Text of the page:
Another situation worth covering is the unassisted double play at SS. Again, we want to turn this double play as efficient as possible. So, we teach releasing the ball as the left foot touches the SS’s side of second base. There’s not much to point out about it that’s not obvious, but we like to teach leading into this play with a shuffle. It’s just something that takes practice because it’s a little awkward at first. It’s also good to use with the feed from the pitcher.
If the ball is delivered from SS we like to take the throw from behind second base because the distance the ball will travel from SS to 2B is much shorter in distance and time, as opposed to a feed from 3B. With a feed from 3B, we like to take the feed from the SS’s side of 2B because we have more time to get there, we cut out a couple of feet that the ball would travel if we were on the other side of the base, and it’s easier to clear ourselves of the runner and have a better throwing lane from this side of the base.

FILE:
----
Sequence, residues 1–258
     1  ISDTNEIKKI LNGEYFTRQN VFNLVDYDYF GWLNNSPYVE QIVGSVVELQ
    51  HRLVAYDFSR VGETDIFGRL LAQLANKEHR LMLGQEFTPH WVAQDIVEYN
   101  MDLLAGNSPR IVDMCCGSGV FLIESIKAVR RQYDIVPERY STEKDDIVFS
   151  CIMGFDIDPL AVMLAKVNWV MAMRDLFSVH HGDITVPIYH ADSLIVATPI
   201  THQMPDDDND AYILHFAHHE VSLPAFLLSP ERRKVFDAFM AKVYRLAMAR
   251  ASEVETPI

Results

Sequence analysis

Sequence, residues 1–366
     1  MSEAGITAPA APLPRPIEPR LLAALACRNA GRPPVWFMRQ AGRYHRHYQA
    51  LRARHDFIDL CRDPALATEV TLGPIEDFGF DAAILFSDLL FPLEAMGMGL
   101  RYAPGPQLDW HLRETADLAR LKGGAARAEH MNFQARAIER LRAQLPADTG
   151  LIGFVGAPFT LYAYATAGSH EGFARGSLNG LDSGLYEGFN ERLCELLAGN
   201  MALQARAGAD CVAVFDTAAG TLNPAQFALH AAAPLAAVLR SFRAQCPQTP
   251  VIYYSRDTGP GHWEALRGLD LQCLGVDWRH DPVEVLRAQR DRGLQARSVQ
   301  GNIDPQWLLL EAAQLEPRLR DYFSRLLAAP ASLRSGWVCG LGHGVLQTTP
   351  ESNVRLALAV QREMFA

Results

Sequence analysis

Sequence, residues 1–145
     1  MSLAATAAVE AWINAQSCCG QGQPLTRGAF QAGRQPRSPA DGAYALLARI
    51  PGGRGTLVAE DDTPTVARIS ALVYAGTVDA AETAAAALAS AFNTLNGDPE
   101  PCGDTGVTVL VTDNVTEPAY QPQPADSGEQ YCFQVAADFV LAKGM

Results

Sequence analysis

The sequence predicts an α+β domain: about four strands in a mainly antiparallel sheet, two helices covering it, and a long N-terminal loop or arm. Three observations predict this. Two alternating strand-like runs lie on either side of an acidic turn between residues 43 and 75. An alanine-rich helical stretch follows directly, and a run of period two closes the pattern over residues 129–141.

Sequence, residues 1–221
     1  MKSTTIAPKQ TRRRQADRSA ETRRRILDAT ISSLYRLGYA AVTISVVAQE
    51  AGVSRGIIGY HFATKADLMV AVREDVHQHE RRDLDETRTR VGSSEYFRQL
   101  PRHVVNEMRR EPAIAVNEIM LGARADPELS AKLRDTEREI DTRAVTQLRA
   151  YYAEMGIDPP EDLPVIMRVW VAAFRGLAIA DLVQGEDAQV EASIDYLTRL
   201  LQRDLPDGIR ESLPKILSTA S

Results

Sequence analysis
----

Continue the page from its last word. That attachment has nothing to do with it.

Something you want to watch out for when receiving the DP from 2B is that the steps get to long. You don’t need to be five feet away from the base in either direction to clear yourself from the runner. Refer to the video and watch how short the steps are when the ball is actually received.
So, once the left foot is on the bag and the second baseman is about to receive the ball, we want him to focus on right foot timing. We want the right foot to hit as the ball hits our glove. We do this for the same reasons above in left foot timing for a SS. Right foot to the ball is very important. It keeps the feed or flip in the middle of the 2B’s body and will make the transition to the throw the most effective.